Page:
Zanzibar’s lasting mystique has attracted travellers from around the world for centuries. From its early days as a Swahili port, Zanzibar has done a thriving business in the cargo of the day. In generations long past, ivory, slaves and spices were transported on large wooden sailing dhows across the Indian Ocean to the Arabian Peninsula and beyond. Although spices remain a main export, these days Zanzibar’s main attraction is the beauty of the island itself.
Remnants of the hey-day of Swahili civilization in Zanzibar still remain, vestiges of a vanished past that people still look to with a sense of heritage and pride. In Stone Town, the House of Wonders greets visitors arriving by sea, a grand building used by the sultan for his administrative duties. His town palace stands adjacent to it, the walkways that connected the two buildings still in dilapidated existence. Nearby, the Portuguese Fort recalls the brief occupation of the island by foreign rule, while the Anglican Cathedral built over the site of the old slave market soothes the wounds of a sobering past.
Today, Stone Town is as much of an attraction to visitors as Zanzibar’s beaches, world-renowned for their idyllic seascapes and island charm. Guests have their pick of beaches famed for their temperate climate and soothing waters. Swahili fishing villages, snorkelling, diving, or just beachcombing offer perfect choices of relaxing itineraries.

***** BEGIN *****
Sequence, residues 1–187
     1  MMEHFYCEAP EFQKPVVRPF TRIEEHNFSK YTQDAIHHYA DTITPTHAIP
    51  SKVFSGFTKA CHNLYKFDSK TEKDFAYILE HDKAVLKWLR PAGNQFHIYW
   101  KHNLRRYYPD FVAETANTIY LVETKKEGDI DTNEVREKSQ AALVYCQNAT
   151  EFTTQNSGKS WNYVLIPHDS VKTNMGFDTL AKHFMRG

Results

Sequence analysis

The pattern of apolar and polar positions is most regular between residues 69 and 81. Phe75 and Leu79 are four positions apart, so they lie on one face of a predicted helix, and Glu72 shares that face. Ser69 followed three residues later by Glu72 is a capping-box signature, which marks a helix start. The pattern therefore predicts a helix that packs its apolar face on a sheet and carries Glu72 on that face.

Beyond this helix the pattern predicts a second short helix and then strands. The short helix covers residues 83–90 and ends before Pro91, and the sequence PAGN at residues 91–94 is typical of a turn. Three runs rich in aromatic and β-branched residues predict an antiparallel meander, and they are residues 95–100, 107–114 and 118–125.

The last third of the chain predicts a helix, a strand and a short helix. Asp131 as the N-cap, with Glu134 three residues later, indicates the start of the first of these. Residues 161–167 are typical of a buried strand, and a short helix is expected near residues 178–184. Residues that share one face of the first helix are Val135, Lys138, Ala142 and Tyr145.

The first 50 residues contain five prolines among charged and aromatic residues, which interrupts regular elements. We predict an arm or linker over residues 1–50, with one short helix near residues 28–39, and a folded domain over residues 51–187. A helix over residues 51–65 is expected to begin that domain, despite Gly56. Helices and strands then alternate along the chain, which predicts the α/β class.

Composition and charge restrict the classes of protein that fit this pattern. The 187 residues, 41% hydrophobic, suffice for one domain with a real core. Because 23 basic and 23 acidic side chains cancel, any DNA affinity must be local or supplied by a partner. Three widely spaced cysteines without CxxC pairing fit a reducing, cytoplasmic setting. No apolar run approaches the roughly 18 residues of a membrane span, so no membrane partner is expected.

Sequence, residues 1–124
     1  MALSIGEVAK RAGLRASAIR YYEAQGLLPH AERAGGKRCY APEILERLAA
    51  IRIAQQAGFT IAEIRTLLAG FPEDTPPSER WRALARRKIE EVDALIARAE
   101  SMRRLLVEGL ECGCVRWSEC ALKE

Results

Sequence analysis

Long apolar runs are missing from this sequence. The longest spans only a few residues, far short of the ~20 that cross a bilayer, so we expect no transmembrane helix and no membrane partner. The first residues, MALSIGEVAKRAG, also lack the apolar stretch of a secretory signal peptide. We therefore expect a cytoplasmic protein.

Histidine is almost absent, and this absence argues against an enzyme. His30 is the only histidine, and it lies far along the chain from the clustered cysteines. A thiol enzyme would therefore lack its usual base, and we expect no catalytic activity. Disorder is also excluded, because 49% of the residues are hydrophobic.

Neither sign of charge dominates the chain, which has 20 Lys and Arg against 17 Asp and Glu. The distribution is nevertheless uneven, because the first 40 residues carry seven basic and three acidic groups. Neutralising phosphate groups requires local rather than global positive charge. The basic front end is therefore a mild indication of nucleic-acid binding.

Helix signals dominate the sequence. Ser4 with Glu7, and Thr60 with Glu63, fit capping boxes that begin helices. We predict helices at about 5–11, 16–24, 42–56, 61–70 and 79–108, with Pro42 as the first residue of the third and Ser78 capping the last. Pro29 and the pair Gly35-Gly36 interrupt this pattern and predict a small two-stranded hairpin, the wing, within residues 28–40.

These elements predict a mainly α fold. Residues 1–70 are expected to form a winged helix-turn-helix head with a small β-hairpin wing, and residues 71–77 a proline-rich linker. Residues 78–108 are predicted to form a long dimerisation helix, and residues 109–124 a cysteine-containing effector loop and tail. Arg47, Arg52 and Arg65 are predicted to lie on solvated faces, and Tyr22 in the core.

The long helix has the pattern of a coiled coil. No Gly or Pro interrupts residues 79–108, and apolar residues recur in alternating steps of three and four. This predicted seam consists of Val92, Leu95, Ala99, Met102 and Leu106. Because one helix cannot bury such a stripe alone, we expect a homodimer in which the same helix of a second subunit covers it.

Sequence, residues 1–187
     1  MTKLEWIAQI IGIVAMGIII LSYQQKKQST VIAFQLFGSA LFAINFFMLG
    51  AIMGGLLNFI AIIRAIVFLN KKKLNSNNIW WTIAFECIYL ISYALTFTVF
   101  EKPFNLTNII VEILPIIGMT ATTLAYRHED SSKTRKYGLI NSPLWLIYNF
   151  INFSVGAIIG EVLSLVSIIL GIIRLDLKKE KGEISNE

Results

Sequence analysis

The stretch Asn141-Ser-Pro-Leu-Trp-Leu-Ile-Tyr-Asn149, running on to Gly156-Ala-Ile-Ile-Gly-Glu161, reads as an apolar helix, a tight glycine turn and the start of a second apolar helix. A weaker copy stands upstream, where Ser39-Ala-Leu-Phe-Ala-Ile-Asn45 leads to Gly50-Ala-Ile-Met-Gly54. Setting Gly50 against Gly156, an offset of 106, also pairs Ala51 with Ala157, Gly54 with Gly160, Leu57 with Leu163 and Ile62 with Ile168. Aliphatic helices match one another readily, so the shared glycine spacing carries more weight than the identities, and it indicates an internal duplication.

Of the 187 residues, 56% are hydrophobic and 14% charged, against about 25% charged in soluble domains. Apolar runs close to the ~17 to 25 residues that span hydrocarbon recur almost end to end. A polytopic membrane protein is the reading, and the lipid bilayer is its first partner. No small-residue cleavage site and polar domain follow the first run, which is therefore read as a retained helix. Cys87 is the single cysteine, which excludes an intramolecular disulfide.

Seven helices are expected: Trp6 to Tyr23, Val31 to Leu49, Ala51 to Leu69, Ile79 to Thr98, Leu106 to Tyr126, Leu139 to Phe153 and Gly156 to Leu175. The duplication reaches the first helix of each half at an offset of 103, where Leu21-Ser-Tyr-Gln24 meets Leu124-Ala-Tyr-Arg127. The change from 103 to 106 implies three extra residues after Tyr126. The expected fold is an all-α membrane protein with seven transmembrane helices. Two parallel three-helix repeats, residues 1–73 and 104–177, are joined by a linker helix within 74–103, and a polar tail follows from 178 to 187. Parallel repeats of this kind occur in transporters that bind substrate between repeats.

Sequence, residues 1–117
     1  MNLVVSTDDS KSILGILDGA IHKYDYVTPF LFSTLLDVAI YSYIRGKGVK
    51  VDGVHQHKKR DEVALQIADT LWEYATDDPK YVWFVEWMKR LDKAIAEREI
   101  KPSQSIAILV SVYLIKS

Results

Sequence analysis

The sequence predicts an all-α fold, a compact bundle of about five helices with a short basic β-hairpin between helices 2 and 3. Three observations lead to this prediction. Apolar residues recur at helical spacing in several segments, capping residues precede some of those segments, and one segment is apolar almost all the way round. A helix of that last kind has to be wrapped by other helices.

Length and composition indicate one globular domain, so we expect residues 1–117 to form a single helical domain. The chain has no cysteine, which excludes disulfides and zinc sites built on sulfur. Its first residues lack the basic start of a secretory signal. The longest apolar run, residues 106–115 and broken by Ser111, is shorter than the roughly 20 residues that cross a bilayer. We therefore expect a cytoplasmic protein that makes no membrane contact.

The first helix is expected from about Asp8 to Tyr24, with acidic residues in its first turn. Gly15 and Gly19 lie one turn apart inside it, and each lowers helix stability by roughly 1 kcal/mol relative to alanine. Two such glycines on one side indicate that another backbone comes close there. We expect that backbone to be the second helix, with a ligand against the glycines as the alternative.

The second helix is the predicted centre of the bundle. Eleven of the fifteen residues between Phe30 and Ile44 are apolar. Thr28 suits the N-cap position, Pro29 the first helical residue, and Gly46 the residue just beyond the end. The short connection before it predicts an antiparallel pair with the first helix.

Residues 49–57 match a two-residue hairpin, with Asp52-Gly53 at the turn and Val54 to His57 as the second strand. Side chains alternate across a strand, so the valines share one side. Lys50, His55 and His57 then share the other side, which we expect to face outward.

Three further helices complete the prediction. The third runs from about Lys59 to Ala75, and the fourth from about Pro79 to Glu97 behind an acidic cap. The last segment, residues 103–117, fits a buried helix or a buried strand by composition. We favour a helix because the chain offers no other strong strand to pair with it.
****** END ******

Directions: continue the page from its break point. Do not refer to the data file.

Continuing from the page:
For cultural connoisseurs, it’s best to time a visit around one of Zanzibar’s many festivals. Vibrant occasions occur throughout the year, days of celebration when the island and its people truly come alive. The annual Zanzibar International Film Festival and the Swahili Music Festival are the main attractions, with the Swahili festival of Mwaka Kongwe not to be missed.
Yet there’s more to Zanzibar than the main island of Unguja. To the north, Pemba Island offers world-class diving in pristine surroundings. Accommodation ranges from the most basic to the utmost in barefoot luxury and visitors agree that a visit to Pemba is well worth the effort. To the south is the little-known Mafia Island, its reefs affording perfect diving in tranquil surroundings. Covered in coconut palms and abandoned fruit groves left by Arab merchants centuries before, Mafia’s charm is unique to the Swahili Coast, its shores untouched by development or change. Other smaller islands surround Unguja, the main island in the archipelago, and make pleasant day trips for visitors from Stone Town.
Come to Zanzibar and you will experience the hospitality of the Swahili people, the beauty of the island, and the lasting mystique of its regal history. Visit Zanzibar, and you will understand why century after century, travellers have come to its shores in search of magic and romance.